What technologies, business models, and trends will drive the biggest changes in your industry over the next two years?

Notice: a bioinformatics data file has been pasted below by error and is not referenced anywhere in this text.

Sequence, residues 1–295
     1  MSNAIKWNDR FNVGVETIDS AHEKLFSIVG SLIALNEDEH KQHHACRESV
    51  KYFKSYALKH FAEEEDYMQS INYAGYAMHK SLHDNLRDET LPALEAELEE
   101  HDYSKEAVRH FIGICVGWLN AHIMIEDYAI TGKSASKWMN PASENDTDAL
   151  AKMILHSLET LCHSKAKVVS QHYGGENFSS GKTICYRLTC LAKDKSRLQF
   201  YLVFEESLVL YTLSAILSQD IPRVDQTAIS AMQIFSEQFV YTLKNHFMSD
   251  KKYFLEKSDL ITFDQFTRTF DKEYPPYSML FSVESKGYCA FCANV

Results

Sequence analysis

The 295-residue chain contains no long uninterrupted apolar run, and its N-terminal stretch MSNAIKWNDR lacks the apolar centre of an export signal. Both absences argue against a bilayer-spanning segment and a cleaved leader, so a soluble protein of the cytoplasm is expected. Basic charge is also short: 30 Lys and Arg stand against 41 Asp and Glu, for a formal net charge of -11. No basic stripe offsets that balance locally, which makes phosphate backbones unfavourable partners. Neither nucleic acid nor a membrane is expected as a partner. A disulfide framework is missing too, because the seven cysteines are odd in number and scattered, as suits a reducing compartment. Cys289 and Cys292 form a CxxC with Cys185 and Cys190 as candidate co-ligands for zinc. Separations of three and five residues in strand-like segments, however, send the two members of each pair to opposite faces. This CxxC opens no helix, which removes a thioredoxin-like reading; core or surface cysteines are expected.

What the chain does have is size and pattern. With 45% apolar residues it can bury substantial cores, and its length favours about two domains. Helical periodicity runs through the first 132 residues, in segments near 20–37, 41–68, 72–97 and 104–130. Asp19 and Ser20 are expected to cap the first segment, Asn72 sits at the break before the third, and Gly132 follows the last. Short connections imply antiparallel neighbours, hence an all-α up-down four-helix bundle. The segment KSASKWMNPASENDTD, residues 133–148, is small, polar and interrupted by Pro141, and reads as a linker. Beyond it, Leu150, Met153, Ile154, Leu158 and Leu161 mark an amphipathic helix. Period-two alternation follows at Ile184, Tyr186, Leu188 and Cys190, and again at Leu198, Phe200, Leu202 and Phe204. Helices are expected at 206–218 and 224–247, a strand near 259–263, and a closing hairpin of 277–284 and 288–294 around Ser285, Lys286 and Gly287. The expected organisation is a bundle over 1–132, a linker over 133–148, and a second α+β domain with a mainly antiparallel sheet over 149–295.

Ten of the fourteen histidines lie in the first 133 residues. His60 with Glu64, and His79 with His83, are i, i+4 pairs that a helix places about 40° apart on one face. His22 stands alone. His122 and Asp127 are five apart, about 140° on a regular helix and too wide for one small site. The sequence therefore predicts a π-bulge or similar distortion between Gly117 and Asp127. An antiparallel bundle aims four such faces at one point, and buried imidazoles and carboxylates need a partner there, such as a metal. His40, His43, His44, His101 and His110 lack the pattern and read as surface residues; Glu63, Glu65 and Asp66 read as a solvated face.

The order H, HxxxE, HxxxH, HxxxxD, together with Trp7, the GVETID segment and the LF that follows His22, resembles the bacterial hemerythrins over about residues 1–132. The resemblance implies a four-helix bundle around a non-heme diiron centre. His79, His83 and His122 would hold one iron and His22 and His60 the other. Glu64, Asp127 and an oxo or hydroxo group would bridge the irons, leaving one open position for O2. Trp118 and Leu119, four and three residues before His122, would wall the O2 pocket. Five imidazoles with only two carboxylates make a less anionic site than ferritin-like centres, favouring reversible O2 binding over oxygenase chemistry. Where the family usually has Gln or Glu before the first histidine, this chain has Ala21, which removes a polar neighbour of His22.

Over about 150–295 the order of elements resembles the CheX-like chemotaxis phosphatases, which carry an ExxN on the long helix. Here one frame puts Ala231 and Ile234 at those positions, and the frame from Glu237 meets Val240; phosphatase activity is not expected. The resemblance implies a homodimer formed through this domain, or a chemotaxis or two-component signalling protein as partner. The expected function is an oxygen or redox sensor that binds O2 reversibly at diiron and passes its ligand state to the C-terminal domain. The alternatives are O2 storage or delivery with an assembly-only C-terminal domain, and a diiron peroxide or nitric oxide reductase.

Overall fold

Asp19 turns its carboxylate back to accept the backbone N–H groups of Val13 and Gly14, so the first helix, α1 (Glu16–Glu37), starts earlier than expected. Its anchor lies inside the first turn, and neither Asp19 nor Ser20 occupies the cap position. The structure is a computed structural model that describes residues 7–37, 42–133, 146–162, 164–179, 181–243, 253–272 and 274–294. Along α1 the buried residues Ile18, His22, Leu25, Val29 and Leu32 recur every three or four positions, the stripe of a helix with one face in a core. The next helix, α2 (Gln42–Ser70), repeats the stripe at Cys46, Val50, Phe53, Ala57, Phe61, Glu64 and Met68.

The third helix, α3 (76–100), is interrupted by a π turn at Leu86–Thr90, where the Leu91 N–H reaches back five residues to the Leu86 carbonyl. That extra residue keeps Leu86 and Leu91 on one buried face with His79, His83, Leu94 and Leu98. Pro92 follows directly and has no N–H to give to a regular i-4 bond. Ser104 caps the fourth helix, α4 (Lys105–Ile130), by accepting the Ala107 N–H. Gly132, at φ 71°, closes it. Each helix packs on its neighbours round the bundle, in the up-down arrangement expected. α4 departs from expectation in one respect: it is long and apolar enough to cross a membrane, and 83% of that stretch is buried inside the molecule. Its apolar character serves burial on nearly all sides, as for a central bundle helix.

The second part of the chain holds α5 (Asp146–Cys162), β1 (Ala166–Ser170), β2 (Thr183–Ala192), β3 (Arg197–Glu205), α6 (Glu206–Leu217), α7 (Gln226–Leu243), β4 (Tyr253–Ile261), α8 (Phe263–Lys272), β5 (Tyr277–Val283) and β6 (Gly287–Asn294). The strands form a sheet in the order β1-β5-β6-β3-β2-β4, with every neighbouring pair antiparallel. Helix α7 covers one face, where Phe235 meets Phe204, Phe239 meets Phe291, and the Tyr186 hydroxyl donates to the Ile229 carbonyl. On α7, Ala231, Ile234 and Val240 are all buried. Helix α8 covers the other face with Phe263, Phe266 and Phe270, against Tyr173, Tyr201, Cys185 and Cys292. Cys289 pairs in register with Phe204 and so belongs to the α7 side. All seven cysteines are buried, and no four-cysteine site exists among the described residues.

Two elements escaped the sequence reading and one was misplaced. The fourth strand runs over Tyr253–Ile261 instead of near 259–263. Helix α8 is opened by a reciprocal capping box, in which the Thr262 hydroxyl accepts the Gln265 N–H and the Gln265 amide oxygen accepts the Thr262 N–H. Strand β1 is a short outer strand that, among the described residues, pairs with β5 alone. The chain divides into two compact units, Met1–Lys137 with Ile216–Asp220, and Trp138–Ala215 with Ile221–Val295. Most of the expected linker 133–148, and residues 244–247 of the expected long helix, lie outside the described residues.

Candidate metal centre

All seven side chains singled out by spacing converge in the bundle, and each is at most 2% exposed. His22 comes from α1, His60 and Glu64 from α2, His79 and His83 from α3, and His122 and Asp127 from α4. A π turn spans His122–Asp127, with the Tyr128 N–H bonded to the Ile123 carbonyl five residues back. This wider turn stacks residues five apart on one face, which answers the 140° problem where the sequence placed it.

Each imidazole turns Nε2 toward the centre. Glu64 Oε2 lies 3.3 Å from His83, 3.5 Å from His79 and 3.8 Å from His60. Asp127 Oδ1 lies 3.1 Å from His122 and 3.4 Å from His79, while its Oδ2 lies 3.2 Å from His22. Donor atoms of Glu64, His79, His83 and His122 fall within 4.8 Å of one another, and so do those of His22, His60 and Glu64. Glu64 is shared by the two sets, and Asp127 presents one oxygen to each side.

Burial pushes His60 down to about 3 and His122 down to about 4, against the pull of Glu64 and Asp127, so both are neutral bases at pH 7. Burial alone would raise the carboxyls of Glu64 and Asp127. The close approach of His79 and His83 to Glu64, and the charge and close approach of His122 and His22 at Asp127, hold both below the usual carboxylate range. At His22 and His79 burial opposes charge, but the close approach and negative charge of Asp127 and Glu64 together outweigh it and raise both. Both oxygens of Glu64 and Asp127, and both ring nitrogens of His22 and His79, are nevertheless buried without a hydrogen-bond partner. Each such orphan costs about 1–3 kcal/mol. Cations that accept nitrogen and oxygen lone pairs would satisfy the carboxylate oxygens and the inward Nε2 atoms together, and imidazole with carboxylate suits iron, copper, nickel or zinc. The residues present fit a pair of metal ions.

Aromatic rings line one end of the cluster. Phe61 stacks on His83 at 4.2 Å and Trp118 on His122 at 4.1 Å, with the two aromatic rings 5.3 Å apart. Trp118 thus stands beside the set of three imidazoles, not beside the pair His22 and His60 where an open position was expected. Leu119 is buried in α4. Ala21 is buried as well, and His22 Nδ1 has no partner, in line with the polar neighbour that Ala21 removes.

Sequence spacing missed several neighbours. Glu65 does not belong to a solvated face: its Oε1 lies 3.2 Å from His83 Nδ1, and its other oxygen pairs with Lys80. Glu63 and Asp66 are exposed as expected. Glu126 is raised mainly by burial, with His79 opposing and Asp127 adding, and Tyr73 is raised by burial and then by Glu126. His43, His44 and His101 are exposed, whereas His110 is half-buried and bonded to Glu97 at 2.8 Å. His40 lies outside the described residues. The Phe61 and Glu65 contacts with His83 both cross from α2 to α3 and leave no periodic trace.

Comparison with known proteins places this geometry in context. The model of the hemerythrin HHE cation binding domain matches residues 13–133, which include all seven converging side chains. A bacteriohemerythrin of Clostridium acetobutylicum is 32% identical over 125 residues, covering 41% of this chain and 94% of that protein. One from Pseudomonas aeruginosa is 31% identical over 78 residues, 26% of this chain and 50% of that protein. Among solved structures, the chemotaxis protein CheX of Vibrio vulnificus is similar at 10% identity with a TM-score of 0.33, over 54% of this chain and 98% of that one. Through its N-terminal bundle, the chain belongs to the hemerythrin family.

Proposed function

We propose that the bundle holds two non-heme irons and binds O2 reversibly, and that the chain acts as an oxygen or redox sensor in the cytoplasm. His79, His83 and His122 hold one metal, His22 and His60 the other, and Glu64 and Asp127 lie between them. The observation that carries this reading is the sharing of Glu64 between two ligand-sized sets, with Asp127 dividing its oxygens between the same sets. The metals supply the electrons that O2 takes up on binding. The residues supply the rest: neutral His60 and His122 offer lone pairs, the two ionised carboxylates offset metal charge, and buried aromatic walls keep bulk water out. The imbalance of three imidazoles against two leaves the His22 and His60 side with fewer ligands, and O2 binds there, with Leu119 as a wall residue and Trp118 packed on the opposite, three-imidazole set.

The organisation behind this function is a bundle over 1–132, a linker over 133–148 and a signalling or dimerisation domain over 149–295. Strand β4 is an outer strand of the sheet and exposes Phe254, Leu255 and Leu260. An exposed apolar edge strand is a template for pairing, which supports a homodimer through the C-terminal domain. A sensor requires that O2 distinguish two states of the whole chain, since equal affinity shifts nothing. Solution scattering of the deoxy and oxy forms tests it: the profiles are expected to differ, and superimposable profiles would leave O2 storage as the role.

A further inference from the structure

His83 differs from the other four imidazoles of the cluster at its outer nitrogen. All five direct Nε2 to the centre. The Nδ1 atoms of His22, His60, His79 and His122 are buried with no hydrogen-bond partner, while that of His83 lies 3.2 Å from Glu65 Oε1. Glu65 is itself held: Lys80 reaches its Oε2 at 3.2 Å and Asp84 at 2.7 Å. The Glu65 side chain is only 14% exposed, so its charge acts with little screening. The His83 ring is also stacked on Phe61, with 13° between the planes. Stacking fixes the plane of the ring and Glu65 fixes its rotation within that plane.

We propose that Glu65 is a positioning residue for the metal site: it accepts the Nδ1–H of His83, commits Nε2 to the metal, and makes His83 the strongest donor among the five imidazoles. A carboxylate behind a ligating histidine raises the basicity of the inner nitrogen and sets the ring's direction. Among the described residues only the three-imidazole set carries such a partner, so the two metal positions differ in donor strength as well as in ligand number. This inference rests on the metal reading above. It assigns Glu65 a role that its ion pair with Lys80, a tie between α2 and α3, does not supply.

Newly developed internet search engines, online discussion forums and legal software solutions will completely change the picture over the next two years. Technological advancements outside of the arbitration space are improving the internal administration of justice and fairness in arbitration. Current changes to the arbitration landscape to improve the system within are going hand-in-hand with developments in online technology and software. As one example, the recently adopted UNCITRAL Rules on Transparency in Treaty-based Investor-State Arbitration (the “Rules on Transparency”) has set a new precedent toward how arbitration is handled. Prior to the Rules on Transparency, arbitration proceedings were largely confidential, and privately resolved between commercial parties through regulated proceedings. However, the Rules on Transparency have changed the picture by making investor-state arbitration public. Thus, public access and discussions online will subject investor-state arbitration proceedings to a greater level of transparency and improvement. The heightened level of public debate and analysis emerging from disclosure will in turn likely have a significant impact on the manner in which the arbitration is conducted, to be more fair, transparent and judicious.